While I'm on the subject, I have two things to say. (1) No woman I know would be seen dead watching any of the current crop of "chick flicks", they're an insult to intelligent womanhood / womanness / womandom / womanosity. "One's ditzy and adorable, one's stern and serious!" Gee, d'ya think by the end, the ditzy one will learn about responsibility, and the serious one will learn to relax and have fun??? Who knows! Hey Hollywood, women aren't actually fucking stupid and airheaded, they can handle movies of substance, so please, less of the bullshit, and more of the good shit, okay? Thanks. (2) Dramas shouldn't be called dramas if nothing dramatic or interesting happens. Don't try and teach me something important, that's what school is for - I hated school and I hate boring dramas. If it's a drama, show me some drama! Honestly, with the snobbery against genre movies in the industry today, it amazes me that insultingly dim chick flicks and horrendously dull "drama" isn't called out for the lazy bollocks that it is. So this is me, calling it out. It is called. Out. Now go and see Kiss Kiss Bang Bang, it's fantastic.

Okay, it wasn't a quickie, I lied. I LIED! ON PURPOSE! HAHAHAHAAAAA!

Saturday, November 12, 2005

Severed once again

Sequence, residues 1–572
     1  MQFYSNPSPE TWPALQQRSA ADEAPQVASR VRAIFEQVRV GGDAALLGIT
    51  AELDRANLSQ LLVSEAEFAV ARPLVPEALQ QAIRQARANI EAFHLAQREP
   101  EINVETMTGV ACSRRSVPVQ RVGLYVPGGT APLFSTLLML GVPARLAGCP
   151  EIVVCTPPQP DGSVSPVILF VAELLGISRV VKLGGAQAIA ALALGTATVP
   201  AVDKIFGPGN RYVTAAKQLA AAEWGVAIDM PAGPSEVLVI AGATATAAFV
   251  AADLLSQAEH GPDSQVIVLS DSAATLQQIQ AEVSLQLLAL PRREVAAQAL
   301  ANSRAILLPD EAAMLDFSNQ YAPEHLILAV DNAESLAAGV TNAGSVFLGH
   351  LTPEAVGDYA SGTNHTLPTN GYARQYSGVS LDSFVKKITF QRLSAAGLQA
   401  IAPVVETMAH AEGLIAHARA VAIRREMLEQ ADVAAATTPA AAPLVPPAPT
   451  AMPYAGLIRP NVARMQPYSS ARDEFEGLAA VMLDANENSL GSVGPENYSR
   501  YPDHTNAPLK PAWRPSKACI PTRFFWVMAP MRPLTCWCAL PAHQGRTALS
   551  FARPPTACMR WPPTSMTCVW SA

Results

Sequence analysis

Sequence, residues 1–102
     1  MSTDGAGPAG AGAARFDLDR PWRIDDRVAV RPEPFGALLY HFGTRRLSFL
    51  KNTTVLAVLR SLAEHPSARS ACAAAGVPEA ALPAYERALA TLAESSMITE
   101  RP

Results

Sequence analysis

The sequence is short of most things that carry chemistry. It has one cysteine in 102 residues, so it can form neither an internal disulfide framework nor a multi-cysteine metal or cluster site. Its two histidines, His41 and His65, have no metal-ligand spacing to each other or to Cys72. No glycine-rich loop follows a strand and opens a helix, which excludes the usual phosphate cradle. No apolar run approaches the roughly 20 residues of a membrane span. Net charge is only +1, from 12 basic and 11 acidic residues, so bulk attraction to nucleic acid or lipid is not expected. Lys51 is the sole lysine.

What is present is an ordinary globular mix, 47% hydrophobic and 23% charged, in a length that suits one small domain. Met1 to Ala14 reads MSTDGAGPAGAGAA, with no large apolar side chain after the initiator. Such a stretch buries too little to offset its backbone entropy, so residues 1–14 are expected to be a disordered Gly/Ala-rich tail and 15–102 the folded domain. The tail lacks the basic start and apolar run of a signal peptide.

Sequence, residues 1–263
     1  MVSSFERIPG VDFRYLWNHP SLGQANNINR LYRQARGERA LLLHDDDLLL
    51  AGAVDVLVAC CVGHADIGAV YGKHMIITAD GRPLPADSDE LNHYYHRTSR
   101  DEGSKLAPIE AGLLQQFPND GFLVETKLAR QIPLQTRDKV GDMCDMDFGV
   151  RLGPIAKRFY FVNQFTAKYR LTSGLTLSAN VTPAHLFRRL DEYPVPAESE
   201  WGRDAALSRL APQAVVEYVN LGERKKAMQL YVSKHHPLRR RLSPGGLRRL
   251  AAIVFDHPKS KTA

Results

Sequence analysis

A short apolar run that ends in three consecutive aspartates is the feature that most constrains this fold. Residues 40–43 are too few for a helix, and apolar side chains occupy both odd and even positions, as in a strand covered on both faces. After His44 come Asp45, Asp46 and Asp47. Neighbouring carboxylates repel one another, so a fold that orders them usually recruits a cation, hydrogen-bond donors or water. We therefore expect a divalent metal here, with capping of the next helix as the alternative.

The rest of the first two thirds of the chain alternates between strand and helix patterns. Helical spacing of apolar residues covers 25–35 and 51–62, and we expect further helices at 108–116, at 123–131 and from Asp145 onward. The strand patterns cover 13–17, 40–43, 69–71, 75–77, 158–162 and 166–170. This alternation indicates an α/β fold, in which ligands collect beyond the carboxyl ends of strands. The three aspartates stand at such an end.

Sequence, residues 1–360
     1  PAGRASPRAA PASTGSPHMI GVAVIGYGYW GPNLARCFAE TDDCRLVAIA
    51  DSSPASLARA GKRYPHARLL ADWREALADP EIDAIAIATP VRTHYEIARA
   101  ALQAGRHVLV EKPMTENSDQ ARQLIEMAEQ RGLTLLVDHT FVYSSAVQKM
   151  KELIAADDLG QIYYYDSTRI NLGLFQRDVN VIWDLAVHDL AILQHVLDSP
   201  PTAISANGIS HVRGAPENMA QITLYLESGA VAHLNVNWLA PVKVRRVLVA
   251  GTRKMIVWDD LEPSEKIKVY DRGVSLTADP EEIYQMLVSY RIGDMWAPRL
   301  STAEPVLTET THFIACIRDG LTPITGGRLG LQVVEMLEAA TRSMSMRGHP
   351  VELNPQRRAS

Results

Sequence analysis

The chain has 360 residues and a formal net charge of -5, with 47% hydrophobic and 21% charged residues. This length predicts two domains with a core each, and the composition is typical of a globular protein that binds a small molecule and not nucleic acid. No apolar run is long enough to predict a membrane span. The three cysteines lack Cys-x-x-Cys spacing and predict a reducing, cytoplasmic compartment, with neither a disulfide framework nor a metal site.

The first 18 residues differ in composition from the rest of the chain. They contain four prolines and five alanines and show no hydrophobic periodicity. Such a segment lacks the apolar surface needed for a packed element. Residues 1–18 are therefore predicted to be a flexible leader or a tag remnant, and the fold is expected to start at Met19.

Okay, lots of work on various things going on, so I've been a bit quiet here. But I had to post a quick one because I went to another screening of Severance yesterday, and felt compelled to rave about it. Even though I think there's only 2 or 3 minutes trimmed out of it along with a few other changes since the last screening, it made a *massive* difference. It moved along really nicely, I laughed at the funny stuff even more than last time, still jumped at the bits that I knew were coming, and just had a great time. I was in the back row, and could feel the audience vibe better - I think they were mostly financiers and distribution people, and I expected them to observe a grim silence, so as not to betray any emotions, but they were really going for it. They laughed, they jumped, they chuckled in delight at a certain ultra-satisfying moment near the end, and seemed to enjoy themselves a lot. It's much, much better, and looks ready to rock, as far as I can tell. Everything works, the pace is perfect, I couldn't be happier. It's a strange movie, it's primarily a horror *and* a comedy (but not a comedy-horror, there's a difference), but there's action, suspense, and moments that are utterly surreal. It's just a fucking great night out at the movies, which is the best anyone could hope for.